Jump to content

AtlantaCamper

Toyota Advanced Member
  • Content Count

    179
  • Joined

  • Last visited

About AtlantaCamper

  • Rank
    Platinum Member

Profile Information

  • Gender
    Male

Previous Fields

  • My Toyota Motorhome
    1988 Sunrader on a 1987 Toyota 22re EFI
  • Location
    Atlanta, GA

Recent Profile Visitors

The recent visitors block is disabled and is not being shown to other users.

  1. I took the 32 year old carpet out a little while back and I'm so glad I did. There are a billion and six staples that are really tedious, but you can get past that. I have two boys, 5 and 9 and they are rough on the camper. I'm waiting until they are older before I do any real effort at upgrading the interior or the floor. So for a temporary solution I got an inexpensive single sheet of vinyl from the local box store. It took no time to install by using cheap quarter round to hold it down at the edges and it's really made it easier to keep the camper clean. For a long term floor I'd put down some kind of sound deadening underlayment and a premium piece of vinyl flooring. My floor was a little wavy and the click together flooring planks don't like that so I'm sticking with a piece of vinyl that is much more forgiving on a floor with a bit of a wave to it. I would think twice about painting the floor because it needs to breathe. If you get any water in the wood the paint makes it even harder to dry out and you will get rot faster. Single sheet of vinyl is simple, cheap, easy to install, waterproof, masks floor imperfections and the premium stuff doesn't look bad at all.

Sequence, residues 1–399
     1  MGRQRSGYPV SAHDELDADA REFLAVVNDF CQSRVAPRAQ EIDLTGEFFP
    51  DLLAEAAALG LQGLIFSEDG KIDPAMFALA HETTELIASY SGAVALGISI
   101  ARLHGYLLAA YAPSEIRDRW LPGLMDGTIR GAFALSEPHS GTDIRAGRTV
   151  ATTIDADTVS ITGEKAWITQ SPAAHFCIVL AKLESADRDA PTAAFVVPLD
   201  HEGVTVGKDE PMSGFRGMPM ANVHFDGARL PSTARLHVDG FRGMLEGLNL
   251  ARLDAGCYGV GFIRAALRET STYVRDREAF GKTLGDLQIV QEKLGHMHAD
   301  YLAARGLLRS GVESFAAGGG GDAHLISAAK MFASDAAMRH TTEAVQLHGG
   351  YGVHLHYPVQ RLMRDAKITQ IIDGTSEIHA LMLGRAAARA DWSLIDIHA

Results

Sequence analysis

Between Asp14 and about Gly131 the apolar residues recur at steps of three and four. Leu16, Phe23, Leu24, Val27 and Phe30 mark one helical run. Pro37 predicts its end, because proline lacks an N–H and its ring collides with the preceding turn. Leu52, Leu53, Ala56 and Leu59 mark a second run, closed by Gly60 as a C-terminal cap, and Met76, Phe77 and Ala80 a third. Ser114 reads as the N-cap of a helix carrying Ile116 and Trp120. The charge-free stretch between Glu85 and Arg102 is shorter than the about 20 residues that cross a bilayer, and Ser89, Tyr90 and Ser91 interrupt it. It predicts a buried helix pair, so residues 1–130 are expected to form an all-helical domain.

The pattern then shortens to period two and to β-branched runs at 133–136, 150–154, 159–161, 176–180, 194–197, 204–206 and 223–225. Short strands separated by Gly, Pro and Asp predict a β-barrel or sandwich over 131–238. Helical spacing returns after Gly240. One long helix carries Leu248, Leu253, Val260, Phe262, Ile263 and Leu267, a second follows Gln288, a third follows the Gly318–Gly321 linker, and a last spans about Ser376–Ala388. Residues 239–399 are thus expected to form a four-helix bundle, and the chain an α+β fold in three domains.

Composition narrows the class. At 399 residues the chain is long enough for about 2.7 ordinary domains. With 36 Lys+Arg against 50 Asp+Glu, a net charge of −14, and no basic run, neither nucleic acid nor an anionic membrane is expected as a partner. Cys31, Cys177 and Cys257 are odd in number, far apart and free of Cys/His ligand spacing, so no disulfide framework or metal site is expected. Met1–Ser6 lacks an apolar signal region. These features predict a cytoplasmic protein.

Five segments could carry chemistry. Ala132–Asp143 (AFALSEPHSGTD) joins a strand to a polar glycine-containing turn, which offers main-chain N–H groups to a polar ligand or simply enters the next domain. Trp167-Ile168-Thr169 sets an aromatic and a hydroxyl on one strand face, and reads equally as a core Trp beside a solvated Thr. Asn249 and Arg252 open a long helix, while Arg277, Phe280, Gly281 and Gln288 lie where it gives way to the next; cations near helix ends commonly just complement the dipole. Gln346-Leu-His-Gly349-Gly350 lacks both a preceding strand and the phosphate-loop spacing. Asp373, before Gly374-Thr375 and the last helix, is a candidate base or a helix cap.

2. If you can find a good option for joining your old (presumably butyl) pipes to new pex pipes then buy a bunch of those and just repair as you go. Or if you have the gumption you can just replace all of the butyl with pex. I spent an hour at the local plumbing supply store and bought a nice set of all of the bits and pieces I could possibly need to do any repairs and I just keep all of that in the camper now. I had a leak start one trip and it took very little time to fix it on the road by using the pex to butyl adapters and just dealing with the problem area.
  3. Yea, I thought the same thing after reading about the type most others have. I don't see any indication that it was replaced, but who knows. I like your idea of using a milk jug or similar. I'll cut out a piece of plastic from something like that with a kind-of-similar pre-molded shape and screw it down.